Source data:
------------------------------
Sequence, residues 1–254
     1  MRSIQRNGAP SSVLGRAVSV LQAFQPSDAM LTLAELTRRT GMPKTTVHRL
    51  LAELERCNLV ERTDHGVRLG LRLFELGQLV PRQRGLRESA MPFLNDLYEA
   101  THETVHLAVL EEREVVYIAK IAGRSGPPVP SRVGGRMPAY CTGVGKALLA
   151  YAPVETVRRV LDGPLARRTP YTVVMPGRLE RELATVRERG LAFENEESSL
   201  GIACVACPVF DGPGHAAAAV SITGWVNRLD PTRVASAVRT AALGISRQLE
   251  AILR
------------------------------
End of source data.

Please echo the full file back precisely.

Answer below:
Sequence, residues 1–254
     1  MRSIQRNGAP SSVLGRAVSV LQAFQPSDAM LTLAELTRRT GMPKTTVHRL
    51  LAELERCNLV ERTDHGVRLG LRLFELGQLV PRQRGLRESA MPFLNDLYEA
   101  THETVHLAVL EEREVVYIAK IAGRSGPPVP SRVGGRMPAY CTGVGKALLA
   151  YAPVETVRRV LDGPLARRTP YTVVMPGRLE RELATVRERG LAFENEESSL
   201  GIACVACPVF DGPGHAAAAV SITGWVNRLD PTRVASAVRT AALGISRQLE
   251  AILR